Posts Tagged ‘vs’

The Side Factor (Jam)

Posted by (twitter: @ericraue)
Tuesday, April 30th, 2013 2:56 pm

The Side Factor is a local 2 player turn based strategy game. It explores the idea of creating a strategy game with a minimal number of unit types, in this case only 1. The core mechanic is shooting through things.

What went right

  1. Paper prototyping – We used a Chess board and some folded pieces of papeto iterate over the concept of shooting through things. Originally we played with a rule that you could capture enemy pieces by straddling it on both sides and shooting through it. That was abandoned in favour of gameplay where players never lost any pieces.
  2. Audio design – One of the reasons why I entered the jam instead of the compo was to work with a fantastic audio designer, Gordon McGladdery. I spent a lot of time implementing it and adjusting the animations so it felt right.
  3. Visual design & polish – Gameplay was completed on Sunday so I spent all of Monday polishing it. It’s one of the prettiest games I’ve made in a game jam. Below is a series of progress shots from the end of Saturday, Sunday, and Monday.


What went wrong

  1. The Theme – Minimalism is not a great theme when you assemble a team ahead of time to create a highly polished game. Instead of focusing on aesthetic minimalism we tried to explore it through gameplay. When I created the instructions on the website I realized even though there was one unit type the rules weren’t that compact.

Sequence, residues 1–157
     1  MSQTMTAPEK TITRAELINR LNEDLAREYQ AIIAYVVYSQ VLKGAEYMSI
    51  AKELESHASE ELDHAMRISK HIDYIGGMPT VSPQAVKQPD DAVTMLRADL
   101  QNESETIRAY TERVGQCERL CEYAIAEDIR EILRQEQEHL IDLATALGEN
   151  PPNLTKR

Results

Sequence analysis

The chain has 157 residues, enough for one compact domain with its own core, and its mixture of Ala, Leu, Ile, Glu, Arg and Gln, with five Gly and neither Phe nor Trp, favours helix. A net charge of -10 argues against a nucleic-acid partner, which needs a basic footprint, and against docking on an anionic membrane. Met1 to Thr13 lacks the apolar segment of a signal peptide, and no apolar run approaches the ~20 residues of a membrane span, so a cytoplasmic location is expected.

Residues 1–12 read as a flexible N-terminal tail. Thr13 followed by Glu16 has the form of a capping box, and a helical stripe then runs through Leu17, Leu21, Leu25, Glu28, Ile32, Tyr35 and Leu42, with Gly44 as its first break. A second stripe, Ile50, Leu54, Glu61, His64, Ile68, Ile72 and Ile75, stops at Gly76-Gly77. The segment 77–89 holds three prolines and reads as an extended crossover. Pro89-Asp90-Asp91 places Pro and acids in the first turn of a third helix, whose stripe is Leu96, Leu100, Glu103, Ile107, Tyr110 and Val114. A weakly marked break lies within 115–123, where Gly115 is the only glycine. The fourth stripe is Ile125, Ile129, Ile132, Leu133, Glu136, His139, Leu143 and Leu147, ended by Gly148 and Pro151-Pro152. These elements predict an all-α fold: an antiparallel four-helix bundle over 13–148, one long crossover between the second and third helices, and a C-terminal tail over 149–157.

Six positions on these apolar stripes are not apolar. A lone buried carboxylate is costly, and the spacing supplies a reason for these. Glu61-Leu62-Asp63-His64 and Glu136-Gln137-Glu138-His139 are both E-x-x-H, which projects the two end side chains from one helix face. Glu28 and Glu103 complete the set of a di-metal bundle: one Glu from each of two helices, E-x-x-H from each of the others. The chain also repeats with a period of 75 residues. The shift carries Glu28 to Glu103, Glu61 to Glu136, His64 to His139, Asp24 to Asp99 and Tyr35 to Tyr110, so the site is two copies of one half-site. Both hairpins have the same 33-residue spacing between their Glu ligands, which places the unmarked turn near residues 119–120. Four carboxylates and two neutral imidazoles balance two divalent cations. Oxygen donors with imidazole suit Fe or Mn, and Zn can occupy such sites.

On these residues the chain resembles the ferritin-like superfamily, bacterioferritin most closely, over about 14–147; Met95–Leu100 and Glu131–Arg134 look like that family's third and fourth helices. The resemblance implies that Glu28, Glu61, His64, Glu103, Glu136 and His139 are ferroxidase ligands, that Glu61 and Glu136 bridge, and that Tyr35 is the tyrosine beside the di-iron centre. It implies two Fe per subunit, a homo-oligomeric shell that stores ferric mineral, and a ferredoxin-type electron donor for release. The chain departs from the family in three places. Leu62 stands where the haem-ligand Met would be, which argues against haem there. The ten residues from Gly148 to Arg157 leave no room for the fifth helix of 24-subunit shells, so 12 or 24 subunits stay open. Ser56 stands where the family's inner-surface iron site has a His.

2. Playtesting – It’s really difficult to playtest a 2 player game by yourself and writing an AI was out of the question.
  3. Publishing on Android – One of my goals was to release this on the Google Play store. It runs surprisingly well on my Nexus S but still needs some optimizations, buttons need to be bigger, and support for different aspect ratios. It’s still in the cards but a post jam version with playtesting and tweaks instead.


Play Now (Unity web – Mac/Win/Linux binaries too!)

The side Factor


Posted by
Monday, April 29th, 2013 4:47 pm

So I finally got my entry all sorted out and entered for the game jam, as it turns out I could have submitted it for the solo competition because I never got any help, wrote all the code from scratch and used tools that were publically available for the audio but I wanted the extra day to not rush and to just chill out with the game.

The game “‘vs.” still looks very much the same early on but I altered the start a bit so it was even more minimalist early on and slowly building up different gameplay, graphic and audio aspects.

Time to go play some of the other entrants.


Posted by
Saturday, April 27th, 2013 2:36 pm

This is my first post for this competition so let us start of with the basic premise of the game. You are fighting against the evil minimalist regieme who have all but wiped everything out leaving a world with only the most basic graphics, colour and gameplay. As the commander of the rebel forces you must wage a war against this foe to bring back depth, colour, intricate gameplay, well … everything really back to to the game world.


The core gameplay in its simplest form: Three lanes, simple rock/paper/scissors combat system, three buttons to spawn units, a bar to show the current swing of the battle and a legend to help explain the combat system.